Skip to main content
Back to news homepage

RCOG statement on BMJ article on outcomes for elective surgery throughout the week

News 29 May 2013

New research published in the BMJ today (29 May 2013) shows that it is riskier to have an operation at the end of the week than it is at the beginning.

The findings show that patients having planned surgery on Thursdays and Fridays have a 44% increased risk of death than if the procedure occurs at the start of the working week.

Researchers hypothesise that the higher mortality rates are because of poorer post-operative care in hospitals during the weekends when fewer clinical and nursing staff are around. The first 48 hours after surgery are deemed crucial since the patient’s risk of infections and bleeding is higher during this period. Other possible explanations for these poor outcomes include the case-mix of patients, the scheduling of surgical procedures and workforce planning issues.

Although the overall death rate is low, these findings add more evidence to the argument to have round-the-clock NHS consultant care throughout the week.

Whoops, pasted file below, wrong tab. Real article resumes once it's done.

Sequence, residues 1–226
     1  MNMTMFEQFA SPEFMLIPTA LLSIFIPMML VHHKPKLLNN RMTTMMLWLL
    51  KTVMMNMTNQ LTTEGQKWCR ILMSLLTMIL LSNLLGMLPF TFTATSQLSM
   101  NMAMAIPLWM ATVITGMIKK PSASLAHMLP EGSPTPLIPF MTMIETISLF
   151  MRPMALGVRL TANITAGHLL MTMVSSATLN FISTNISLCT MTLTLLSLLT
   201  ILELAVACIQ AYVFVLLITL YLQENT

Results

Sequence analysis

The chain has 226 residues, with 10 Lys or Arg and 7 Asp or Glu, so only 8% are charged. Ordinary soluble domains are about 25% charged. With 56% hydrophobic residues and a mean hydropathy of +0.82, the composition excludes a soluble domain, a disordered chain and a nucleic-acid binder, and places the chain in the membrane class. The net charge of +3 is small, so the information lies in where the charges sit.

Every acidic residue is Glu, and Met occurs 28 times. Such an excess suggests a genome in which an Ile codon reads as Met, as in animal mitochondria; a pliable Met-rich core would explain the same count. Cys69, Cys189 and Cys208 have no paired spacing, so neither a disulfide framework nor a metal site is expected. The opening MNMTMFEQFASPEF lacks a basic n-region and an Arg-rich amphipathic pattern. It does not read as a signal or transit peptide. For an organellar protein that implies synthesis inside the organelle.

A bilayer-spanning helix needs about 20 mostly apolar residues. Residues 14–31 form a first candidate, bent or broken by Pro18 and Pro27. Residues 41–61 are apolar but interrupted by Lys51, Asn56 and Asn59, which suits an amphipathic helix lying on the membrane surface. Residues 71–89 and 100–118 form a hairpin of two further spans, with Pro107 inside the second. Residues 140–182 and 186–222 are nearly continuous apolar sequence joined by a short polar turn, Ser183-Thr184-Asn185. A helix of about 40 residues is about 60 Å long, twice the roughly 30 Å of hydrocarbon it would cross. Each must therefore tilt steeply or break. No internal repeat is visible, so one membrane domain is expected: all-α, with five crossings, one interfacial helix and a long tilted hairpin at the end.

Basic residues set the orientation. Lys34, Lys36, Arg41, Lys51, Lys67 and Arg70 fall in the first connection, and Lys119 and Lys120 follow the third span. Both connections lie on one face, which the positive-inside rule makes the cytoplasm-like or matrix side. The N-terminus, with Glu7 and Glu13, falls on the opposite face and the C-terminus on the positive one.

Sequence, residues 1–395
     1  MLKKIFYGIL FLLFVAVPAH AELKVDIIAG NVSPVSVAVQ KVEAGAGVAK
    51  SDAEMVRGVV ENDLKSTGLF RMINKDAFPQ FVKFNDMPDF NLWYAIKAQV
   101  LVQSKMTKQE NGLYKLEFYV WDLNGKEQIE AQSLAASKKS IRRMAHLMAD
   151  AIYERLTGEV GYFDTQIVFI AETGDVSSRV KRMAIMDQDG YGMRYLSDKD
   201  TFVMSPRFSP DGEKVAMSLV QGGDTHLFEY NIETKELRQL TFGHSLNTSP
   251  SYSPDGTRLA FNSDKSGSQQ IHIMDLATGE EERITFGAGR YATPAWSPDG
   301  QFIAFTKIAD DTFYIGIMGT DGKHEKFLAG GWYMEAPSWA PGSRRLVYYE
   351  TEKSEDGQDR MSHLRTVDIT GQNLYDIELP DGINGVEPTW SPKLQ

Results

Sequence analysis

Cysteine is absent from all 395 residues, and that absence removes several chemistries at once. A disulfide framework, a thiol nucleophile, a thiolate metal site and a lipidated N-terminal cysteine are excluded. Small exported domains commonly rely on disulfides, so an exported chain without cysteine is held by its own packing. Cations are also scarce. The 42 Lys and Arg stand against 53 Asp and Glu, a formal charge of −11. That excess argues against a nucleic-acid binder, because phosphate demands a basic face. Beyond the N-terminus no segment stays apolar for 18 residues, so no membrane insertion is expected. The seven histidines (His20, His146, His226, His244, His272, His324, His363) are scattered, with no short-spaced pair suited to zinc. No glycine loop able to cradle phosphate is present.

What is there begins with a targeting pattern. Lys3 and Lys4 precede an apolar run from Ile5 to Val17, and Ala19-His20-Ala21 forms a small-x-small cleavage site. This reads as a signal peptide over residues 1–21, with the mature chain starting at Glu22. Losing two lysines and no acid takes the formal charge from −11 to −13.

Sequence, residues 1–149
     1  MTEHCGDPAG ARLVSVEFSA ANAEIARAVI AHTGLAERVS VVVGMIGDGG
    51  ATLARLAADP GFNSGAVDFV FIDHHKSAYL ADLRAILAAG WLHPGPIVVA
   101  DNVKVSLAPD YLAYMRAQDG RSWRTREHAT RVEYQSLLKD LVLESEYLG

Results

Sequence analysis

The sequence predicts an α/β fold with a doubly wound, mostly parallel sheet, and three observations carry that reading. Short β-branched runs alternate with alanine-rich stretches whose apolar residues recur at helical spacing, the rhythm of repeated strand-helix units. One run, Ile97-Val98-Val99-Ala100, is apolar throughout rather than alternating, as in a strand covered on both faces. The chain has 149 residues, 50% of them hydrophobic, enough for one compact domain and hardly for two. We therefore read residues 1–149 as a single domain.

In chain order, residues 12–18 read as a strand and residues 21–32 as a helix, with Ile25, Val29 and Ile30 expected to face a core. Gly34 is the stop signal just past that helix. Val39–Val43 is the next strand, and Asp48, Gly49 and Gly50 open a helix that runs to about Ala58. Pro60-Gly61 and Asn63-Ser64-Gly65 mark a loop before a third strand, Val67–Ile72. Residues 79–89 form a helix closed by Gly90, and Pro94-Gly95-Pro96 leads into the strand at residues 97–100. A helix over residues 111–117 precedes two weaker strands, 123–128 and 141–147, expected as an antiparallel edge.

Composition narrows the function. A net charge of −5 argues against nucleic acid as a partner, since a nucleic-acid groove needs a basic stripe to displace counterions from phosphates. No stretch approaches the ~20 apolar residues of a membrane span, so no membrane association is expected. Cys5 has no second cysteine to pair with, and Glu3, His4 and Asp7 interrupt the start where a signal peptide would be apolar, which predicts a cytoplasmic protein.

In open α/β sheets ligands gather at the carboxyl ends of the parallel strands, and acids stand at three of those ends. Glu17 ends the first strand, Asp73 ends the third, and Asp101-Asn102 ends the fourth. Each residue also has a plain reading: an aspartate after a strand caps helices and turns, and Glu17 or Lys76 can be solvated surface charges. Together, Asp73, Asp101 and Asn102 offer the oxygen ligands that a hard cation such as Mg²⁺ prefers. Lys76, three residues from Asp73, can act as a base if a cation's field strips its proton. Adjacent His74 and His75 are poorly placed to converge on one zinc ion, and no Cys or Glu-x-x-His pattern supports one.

Dr Tony Falconer, President of the Royal College of Obstetricians and Gynaecologists (RCOG) said,

“We have raised our concerns in the past about the need for a 24/7 service in the NHS and this is further evidence for this change.

“Doctors working in maternity services are used to long hours because birth is unpredictable and can happen at any time. However, issues arise when emergencies occur and access to diagnostic and other clinical services is limited.

“Women should have access to high quality healthcare on the NHS at any time of the day and night, across all days of the week.

“We are currently looking at ways to have more senior presence in the labour ward during the out-of-hours period so that we maintain safe, high quality O&G services throughout the week.”


Aylin P, Alexandrescu R, Jen MH, Mayer EK, Bottle A. Day of week of procedure and 30 day mortality for elective surgery: retrospective analysis of hospital episode statistics. BMJ 2013;346:f2424